• Drive-By Downloads – It is an automatic approach which downloads the application from a web page and requires action and starts automatically.

You might have easily come across a realistic mobile security hazard in some areas. All of these threats are being pressed up by privacy enthusiast and good hackers.

Here are the three threats which are trending and are marked super important to care for.

  1. Social engineering

One true and tried-trickery in the mobile arena is social engineering. It has troubled on many fronts and is still effective as of today.

A staggering 91% of cybercrime begins with a phishing email. As per the same report, hackers use tactics like whaling, impersonating, W2 and credential harvesting to trick and lure people into malicious links.

According to IBM, users are three times likely to respond to a phishing attack than on desktop because a phone is where people first see a message and on desktop 4% people are likely to click on a phishing link.

Almost everyone runs personal stuff on the internet every day; the notion of receiving the personal email alongside the work doesn’t count.

  1. Poor and weak passwords

You might have read it everywhere; a strong password is a key to robust security online. Some users still don’t understand the value of a strong password they still take it for granted, when will they understand the importance of a password?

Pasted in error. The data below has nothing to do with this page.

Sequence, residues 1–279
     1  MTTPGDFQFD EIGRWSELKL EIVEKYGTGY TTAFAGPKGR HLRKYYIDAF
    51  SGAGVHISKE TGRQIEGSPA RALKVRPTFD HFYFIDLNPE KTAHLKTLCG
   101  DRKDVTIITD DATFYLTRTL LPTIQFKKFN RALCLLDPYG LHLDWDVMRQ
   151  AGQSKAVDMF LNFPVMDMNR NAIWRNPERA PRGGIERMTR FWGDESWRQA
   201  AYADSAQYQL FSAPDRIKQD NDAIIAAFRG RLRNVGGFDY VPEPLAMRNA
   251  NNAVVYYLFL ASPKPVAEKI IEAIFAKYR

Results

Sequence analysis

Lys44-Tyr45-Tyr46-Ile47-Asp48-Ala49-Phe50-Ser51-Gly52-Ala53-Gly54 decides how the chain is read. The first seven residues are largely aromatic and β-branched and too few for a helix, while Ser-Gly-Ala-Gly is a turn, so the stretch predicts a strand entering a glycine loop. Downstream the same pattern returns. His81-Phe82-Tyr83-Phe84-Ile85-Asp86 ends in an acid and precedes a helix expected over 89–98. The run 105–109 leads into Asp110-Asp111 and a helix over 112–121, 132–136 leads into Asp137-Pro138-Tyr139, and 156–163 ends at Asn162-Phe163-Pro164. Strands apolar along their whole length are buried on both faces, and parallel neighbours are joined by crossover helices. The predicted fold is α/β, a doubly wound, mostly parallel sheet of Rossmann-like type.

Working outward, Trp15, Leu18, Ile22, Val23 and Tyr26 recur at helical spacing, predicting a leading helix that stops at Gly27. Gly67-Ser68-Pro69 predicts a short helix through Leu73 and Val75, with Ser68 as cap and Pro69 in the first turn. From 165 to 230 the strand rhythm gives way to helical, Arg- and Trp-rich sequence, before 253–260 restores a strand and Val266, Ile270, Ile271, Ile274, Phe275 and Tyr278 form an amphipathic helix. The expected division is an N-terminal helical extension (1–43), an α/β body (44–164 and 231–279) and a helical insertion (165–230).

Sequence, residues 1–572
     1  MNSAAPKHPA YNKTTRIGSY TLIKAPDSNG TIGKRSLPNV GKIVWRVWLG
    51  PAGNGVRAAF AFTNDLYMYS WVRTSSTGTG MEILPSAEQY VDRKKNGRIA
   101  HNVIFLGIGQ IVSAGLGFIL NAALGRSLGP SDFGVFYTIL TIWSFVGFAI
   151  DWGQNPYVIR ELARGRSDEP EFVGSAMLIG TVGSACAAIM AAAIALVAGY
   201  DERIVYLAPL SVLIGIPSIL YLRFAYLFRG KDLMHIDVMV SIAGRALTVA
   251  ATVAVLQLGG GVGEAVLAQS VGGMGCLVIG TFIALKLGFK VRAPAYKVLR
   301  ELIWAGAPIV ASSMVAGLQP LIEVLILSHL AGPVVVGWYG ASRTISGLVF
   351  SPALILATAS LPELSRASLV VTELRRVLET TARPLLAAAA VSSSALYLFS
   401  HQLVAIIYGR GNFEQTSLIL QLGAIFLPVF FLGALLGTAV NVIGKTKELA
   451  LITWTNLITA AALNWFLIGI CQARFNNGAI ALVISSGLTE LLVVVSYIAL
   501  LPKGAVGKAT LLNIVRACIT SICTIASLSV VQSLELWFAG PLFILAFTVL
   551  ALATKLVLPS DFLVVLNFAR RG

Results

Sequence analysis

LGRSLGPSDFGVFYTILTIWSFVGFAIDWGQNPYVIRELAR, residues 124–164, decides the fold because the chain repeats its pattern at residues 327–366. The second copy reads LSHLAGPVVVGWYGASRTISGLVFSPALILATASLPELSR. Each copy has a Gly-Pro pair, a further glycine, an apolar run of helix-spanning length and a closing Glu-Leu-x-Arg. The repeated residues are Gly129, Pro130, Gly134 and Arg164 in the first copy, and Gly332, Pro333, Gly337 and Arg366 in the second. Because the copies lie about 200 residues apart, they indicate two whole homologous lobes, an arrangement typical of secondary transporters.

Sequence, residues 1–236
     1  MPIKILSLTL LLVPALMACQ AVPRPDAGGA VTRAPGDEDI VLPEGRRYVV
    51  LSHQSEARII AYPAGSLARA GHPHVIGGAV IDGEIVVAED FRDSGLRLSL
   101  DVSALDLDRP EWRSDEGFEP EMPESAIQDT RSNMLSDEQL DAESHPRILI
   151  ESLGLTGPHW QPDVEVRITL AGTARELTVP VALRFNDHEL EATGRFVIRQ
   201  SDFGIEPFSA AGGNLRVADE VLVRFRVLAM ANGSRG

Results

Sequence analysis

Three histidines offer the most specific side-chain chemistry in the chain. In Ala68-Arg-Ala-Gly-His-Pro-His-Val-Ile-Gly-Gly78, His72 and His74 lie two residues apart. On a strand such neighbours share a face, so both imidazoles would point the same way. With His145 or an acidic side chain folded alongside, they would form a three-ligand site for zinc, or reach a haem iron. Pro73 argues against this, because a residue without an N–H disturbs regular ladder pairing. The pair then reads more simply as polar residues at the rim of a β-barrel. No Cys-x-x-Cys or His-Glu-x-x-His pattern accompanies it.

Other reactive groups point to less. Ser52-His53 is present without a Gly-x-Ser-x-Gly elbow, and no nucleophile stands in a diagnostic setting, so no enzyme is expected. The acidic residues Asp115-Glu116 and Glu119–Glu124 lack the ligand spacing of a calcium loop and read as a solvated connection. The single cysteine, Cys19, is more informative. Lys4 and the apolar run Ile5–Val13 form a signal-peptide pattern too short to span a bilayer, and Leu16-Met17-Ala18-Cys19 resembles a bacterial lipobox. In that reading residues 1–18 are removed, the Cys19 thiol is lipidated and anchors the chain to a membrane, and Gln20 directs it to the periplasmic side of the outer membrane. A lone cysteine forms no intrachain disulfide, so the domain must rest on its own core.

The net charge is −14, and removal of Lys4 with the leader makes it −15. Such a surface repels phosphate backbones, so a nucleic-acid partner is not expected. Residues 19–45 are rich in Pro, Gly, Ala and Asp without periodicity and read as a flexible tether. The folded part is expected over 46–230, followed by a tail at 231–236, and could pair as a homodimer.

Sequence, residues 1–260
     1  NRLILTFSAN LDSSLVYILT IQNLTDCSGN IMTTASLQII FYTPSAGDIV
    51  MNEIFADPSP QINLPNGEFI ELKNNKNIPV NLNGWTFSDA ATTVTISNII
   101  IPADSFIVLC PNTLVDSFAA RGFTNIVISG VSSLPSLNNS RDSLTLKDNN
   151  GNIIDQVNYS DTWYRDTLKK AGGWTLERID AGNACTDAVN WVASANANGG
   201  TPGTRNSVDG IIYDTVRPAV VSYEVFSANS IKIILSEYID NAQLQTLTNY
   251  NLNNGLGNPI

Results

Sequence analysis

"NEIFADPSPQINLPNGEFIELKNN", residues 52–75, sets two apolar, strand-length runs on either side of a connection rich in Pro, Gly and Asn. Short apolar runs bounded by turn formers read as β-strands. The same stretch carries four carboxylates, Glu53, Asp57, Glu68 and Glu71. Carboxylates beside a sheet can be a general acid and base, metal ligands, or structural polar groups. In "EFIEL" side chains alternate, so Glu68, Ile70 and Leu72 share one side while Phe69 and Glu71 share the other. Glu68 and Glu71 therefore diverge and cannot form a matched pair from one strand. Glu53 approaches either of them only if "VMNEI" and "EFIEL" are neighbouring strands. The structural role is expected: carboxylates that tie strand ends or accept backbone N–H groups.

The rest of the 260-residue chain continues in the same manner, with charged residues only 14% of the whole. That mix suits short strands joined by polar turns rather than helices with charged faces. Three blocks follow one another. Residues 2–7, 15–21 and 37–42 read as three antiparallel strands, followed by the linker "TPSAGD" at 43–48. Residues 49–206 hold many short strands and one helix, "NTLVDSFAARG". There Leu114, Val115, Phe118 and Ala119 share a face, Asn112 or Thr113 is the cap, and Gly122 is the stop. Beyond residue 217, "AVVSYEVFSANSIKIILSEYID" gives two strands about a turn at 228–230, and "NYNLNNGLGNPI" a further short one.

If you are carrying a smartphone which has both your personal and company’s data, then settling for a weaker password is nothing but a fool’s decisions.

Breaching your phone’s password means access to all of your data. Don’t believe me?

Here is what a survey by Google found out;

  • Nearly half of Americans use passwords that they have already used before.
  • Nearly third of them are not aware of two-factor authentication and don’t use them either.
  • Only a quarter of netizens actively use password manager who eventually means most of them don’t have a strong password.

Things are worse than this, as according to LastPass, more than half of the professionals use the same password for both work and personal accounts.

  1. Data leakage

Data leakage has been the most worrisome threat of 2019. When it comes to data, breaches companies, have a 28% chance of losing their data and experiencing a data leakage as seen in the last two years.

What makes the issues more complex is that it happens due to ill-advised decisions and due to the transfer of information which is evident to everybody.

There are data leakage tools which are far effective for protection. Such softwares prevent the exposure to equally sensitive information and protects in accidental situations.

Concluding it all

As per Verizon, weak passwords are to be blamed for the majority of mobile-based threats. More than 80% of the data breaches in businesses due to this threat.

Mobiles, in particular, are at greater risks and pose a real danger to the organization’s data. A sloppy employee can ruin all the efforts done by the company to protect its cybersecurity. It is super-important for the business to take their online privacy and security serious or get ready to face the adversities of the online threat.


Devin Smith

IT Security Analyst